In 1958, Frank Broyles was in his first season as head coach of the University of Arkansas football team. The beginning was anything but successful.
Broyles lost his first six games as head coach. The first of his 144 wins — the most by any Razorbacks football coach — in a coaching career that began in 1958 and ended in 1976 came on Nov. 1, 1958 when Arkansas defeated Texas A&M. Arkansas went on to win its last four games and the Broyles era was launched.
Last week, Broyles was presented with a memento of his first win at Arkansas — the game ball from that win over Texas A&M. It was presented by Dr. Jason Richey and his family, of Paris.
Earlier this year, Richey purchased a collection of Razorbacks sports memorabilia. Richey is a self-described huge Razorbacks fan and an avid sports memorabilia collector. The ball from the win over Texas A&M was found in the collection and Richey and his family decided it really belonged to Broyles.
“It turns out that he doesn’t have one single game ball from any game he coached,” Richey said last week. “Especially his first win at Arkansas. That made this very special.”
The collection purchased by Richey includes items dating back to 1897 when the Razorbacks were known as the University of Arkansas Cardinals. Among the items in it is the ball used in the 1969 Arkansas-Texas football game, the first of many billed as The Game of the Century. No. 1 Texas defeated No. 2 Arkansas 15-14, after being down 14-0. The ball is signed by Broyles, Texas coach Darrell Royal and then-President Richard Nixon, who attended the game in Fayetteville.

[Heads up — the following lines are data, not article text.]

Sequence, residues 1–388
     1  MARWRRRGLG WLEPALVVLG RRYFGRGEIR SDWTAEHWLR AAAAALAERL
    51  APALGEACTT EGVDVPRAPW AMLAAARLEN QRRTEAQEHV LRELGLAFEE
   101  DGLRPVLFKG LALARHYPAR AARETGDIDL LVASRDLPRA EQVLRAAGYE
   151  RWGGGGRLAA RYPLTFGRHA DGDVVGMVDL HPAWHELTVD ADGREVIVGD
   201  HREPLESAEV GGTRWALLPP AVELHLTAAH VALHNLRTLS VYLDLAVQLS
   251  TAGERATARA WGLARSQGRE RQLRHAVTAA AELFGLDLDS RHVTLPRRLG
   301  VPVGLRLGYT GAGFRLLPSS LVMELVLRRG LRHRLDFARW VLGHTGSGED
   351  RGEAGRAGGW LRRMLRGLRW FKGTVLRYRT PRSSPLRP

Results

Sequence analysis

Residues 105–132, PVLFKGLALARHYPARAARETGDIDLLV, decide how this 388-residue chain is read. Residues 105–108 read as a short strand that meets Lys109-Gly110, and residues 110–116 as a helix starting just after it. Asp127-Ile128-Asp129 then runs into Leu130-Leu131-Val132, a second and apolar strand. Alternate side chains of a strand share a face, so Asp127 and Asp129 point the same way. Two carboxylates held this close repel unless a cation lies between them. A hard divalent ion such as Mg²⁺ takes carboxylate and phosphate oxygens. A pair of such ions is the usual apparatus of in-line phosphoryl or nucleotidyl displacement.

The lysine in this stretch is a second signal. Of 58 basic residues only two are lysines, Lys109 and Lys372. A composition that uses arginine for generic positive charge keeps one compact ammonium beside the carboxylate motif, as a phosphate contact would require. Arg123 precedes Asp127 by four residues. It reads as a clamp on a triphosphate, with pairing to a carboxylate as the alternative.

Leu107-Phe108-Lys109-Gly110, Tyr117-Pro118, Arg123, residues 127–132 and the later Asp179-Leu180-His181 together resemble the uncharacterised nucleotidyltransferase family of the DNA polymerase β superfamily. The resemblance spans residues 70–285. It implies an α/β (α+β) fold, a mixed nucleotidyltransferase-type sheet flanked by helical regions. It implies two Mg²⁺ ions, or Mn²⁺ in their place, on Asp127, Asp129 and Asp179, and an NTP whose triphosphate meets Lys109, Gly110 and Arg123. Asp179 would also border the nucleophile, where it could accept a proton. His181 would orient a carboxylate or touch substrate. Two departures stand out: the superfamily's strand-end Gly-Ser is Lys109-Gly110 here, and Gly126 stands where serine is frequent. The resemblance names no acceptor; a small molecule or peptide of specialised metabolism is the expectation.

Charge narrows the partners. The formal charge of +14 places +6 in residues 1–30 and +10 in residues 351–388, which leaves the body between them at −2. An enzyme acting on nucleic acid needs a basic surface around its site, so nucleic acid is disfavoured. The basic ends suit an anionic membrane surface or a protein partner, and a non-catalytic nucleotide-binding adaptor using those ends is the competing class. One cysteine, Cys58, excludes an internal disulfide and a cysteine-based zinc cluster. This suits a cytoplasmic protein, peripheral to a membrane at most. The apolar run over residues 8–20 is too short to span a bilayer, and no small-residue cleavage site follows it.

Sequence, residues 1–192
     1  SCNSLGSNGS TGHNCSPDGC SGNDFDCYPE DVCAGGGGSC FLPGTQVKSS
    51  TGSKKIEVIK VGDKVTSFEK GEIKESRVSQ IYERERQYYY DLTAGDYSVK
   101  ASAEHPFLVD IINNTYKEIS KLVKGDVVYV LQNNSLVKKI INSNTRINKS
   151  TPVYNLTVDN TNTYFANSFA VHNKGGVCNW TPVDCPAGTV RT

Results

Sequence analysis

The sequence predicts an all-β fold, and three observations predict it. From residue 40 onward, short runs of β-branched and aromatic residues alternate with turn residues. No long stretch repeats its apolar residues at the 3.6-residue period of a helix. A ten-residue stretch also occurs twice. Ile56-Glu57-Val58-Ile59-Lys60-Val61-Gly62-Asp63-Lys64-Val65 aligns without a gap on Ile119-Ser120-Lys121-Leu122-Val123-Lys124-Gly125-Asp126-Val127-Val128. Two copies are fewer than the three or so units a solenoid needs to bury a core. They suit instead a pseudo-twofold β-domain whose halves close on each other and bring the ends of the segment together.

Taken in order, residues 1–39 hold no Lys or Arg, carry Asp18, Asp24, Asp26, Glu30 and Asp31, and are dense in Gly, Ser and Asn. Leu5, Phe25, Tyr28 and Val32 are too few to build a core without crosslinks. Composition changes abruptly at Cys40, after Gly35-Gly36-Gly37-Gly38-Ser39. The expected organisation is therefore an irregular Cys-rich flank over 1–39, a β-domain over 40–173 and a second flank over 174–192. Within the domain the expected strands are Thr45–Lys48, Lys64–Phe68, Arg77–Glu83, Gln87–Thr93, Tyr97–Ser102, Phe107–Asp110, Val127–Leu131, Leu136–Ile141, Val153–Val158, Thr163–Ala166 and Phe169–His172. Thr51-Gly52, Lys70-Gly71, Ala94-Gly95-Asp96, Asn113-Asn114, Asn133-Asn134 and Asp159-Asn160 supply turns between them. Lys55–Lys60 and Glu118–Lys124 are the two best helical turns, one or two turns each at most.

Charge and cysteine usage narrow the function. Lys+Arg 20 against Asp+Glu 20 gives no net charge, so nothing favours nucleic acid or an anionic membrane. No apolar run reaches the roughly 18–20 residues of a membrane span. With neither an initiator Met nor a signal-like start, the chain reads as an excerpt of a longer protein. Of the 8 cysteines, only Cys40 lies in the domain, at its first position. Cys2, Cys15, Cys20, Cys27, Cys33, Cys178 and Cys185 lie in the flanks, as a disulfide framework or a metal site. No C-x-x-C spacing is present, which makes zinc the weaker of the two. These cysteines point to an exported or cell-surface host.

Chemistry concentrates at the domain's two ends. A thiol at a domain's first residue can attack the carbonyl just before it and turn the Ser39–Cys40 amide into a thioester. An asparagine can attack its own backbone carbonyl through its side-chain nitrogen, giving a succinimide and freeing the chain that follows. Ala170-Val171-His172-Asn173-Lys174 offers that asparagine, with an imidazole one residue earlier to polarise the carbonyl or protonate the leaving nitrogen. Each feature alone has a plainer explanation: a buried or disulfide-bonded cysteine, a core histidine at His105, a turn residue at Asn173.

After finding the 1958 Texas A&M game ball and doing research on it, Richey contacted the Broyles Foundation in Fayetteville and made known their wish to give it to Broyles. The Broyles family told them the former coach had no game balls from his career at Arkansas.
At that point a meeting was set up and it took place on Wednesday, June 7.
The Richey family traveled to Fayetteville and met with Broyles and his family to present the ball to him. According to Jason Richey, Broyles’ daughter had tears in her eyes when they thanked the Richeys.
“His face lit up when I handed him that football,” Richey said of Broyles. “That’s when I knew we had done the right thing. It was tough to let it go because I’m a huge Razorback fan but it was special to him and that’s why we did it.”